New Orleans Dirty Rice

★★★★☆ 8 Reviews
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By Donna Graffagnino
from Bayou Country, LA

Cajun rice or "dirty rice" is a well loved New Orleans dish and a Louisiana classic, with as many different recipes as there are cooks. Traditional Dirty Rice uses chopped chicken livers which gives it a distinctive flavor and a dark color dubbing it "dirty" rice. It typically includes the trinity with da' Pope, which is diced bell pepper, celery, onion, and garlic. This is my favorite version.

serves 8-10
prep time 20 Min
cook time 45 Min
method Stove Top

Ingredients

  • 1 lb
    bulk pork breakfast sausage (jimmy dean, hot or mild)
  • 1 lb
    chicken livers, chopped fine or ground
  • 1 lb
    ground beef
  • 2 Tbsp
    worcestershire sauce (lea & perrins)
  • 1 md
    green bell pepper, diced
  • 1 lg
    onion, diced
  • 2 stalk
    celery, chopped fine
  • 2 c
    converted long grain rice (zatarain's or uncle ben's)
  • 1 bunch
    green onions, sliced thin
  • 3 clove
    or "toes" garlic, minced
  • salt, black & cayenne pepper to taste
  • 1 can
    (14.5 oz) low sodium beef broth
  • 1 can
    (14.5 oz) low sodium chicken broth
  • 3-4 oz
    water or as needed
  • 2 tsp
    cajun/creole seasoning, or to taste
  • 1/2 tsp
    sage *see cook's notes
  • 2-3
    bay leaves
  • 1 1/2 c
    fresh chopped flat leaf parsley
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How To Make

  • 1
    In a large Dutch oven or saucepan, over medium-high heat, sauté the sausage, beef, and livers until no pink remains. Drain all but 3 Tbsp from the pan. (If sausage is very lean add bacon grease or butter to pan to make 3 Tbsp.)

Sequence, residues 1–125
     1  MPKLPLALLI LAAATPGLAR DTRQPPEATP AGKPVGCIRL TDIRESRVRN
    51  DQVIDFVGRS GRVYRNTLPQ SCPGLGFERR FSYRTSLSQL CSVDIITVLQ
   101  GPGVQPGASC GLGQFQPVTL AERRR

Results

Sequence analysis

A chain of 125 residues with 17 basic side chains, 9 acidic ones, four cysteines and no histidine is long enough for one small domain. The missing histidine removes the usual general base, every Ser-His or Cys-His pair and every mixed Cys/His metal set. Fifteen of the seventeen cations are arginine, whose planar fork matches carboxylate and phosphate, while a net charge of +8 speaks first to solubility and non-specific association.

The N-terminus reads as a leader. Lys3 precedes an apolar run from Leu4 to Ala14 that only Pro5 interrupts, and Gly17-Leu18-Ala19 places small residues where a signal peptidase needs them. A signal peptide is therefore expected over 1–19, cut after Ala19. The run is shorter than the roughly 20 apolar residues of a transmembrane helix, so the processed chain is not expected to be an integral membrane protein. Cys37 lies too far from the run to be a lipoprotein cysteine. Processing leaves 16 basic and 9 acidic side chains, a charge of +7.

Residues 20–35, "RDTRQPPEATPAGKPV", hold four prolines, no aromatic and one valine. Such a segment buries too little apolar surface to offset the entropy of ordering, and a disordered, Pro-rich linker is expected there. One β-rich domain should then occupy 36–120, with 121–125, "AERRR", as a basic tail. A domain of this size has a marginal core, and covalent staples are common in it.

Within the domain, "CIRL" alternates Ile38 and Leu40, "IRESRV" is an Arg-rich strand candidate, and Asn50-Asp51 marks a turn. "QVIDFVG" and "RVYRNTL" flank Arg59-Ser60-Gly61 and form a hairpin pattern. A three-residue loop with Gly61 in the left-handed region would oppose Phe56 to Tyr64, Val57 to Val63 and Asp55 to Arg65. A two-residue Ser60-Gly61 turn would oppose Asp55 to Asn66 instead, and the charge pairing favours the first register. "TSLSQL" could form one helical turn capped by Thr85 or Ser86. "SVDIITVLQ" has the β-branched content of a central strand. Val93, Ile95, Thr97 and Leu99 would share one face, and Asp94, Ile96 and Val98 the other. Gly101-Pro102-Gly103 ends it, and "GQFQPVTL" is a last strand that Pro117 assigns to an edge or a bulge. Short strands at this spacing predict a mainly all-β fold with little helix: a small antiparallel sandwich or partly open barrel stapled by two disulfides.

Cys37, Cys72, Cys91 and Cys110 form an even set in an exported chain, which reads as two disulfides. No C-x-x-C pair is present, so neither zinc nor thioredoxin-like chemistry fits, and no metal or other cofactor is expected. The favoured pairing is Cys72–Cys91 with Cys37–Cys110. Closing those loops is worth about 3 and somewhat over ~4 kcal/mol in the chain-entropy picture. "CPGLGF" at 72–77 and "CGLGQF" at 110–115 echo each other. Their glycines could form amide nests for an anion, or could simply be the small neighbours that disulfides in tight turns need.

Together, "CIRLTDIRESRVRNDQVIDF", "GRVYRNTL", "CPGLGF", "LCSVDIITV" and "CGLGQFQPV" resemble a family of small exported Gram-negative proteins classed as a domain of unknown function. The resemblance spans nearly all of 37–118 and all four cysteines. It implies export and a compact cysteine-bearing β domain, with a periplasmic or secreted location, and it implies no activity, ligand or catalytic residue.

• 2
    Add the bell pepper, onions, and celery. Season with salt and black pepper to taste.
  • 3
    Cook for 5-7 minutes until the veggies begin to soften and brown. Add the rice, green onions, and garlic; continue to stir for 1-2 minutes until the rice begins to toast or turn brown.
  • 4
    Add the worcestershire sauce, beef & chicken stock, creole seasoning, sage, and bay leaves. Mix well, turn the heat to low, cover and simmer for 20 minutes.
  • 5
    Cook until the rice is fully tender and the broth has been absorbed. Stir well and remove from heat, then stir in the chopped parsley.
  • 6
    *Cooks Notes: Don't let the Sage scare you off because you don't taste the small amount of sage in this recipe but it does make a difference in the taste, so don't leave it out. I personally do not like sage in anything, but this recipe is the exception. Some people like to put diced pork or Andouille sausage in their Dirty Rice, which is fine - almost anything goes, however, adding sausage or tomatoes will lean the dish towards a Jambalaya. Dirty Rice shouldn't be too wet or gummy, the grains should separate easily and still be moist enough to hold together on your fork.
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